For our first visit to Corsica, friends encouraged us to start in the south- the Michelin-starred stronghold of the island and beachy birthplace of Napoleon. But crisp turquoise water and a mountainous landscape awaited to the north.
We began in Bastia then drove the sinuous roads that led up to the Cap Corse, where we spent days exploring the wild beaches and sand coves that endow the peninsula. The drive to there was unforgettable as much for its vistas as its surprises. Traveling before the height of tourist season meant that the narrow, vertiginous roads were mostly clear of other drivers but we hadn't anticipated the herds of cattle that dangerously roamed behind sharp turns and jagged cliffs. Caution is key, we learned.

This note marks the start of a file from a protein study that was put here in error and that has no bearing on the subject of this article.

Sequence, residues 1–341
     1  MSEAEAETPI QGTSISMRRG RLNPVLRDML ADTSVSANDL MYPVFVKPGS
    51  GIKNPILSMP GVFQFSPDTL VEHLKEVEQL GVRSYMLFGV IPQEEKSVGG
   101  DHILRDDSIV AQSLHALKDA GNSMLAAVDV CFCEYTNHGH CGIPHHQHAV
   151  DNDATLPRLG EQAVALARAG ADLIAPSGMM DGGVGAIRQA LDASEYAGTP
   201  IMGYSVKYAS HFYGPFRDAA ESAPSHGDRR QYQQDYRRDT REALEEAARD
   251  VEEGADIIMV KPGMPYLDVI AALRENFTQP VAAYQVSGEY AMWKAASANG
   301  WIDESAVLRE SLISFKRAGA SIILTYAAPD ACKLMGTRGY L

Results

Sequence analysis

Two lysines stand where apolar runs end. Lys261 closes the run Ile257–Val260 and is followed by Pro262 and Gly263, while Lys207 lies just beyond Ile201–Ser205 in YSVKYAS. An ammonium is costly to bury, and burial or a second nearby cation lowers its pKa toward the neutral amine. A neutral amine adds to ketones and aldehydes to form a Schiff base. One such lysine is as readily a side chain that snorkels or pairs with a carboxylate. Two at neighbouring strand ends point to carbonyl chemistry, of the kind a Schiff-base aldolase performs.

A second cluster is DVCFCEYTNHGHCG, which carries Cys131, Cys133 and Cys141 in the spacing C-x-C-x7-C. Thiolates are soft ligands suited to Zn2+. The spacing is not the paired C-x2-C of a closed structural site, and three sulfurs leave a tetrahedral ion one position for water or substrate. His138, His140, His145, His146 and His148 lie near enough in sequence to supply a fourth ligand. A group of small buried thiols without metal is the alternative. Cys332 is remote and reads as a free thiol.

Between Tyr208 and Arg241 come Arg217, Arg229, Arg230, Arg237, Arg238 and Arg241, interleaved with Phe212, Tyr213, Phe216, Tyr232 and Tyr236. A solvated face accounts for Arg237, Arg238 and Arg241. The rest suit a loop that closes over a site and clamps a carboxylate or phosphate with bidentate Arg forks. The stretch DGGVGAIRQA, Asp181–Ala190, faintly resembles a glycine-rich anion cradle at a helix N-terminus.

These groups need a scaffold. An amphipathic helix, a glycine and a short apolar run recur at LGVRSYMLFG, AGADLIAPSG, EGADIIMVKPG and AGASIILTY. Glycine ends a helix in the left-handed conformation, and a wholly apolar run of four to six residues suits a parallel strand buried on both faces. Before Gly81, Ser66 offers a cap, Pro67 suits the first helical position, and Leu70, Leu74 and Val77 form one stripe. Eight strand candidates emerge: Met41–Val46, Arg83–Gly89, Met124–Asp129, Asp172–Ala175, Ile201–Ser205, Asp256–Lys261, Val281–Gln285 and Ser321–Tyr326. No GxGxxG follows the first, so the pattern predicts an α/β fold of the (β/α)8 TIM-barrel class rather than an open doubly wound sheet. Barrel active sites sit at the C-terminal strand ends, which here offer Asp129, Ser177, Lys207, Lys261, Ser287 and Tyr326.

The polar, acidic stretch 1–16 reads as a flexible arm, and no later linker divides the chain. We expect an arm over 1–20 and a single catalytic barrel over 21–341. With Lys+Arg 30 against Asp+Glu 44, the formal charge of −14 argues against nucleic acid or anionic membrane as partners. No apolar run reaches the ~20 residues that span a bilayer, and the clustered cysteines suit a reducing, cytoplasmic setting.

Next destination: Corte, the island's historic capital and fortress town but not before stopping in the coastal towns Ile Rousse (the photo above) and Calvi. Ominous clouds welcomed us to Ile Rousse and soon gave way to pelting rain and buffeting winds, nearly ruining our brief stay.
Fortunately, the gloomy veil never sticks around long. One of my fondest memories from our trip was the moment the rain tapered off and sparks of sunshine suffused the sky from behind a few lingering clouds. We ambled the beach for a while before nestling into a spot on the sand as sundown approached. Staring fixedly into the horizon, we wondered if we had ever seen a place so beautiful. Nature's offering here wasn't merely the backdrop but the power to transform.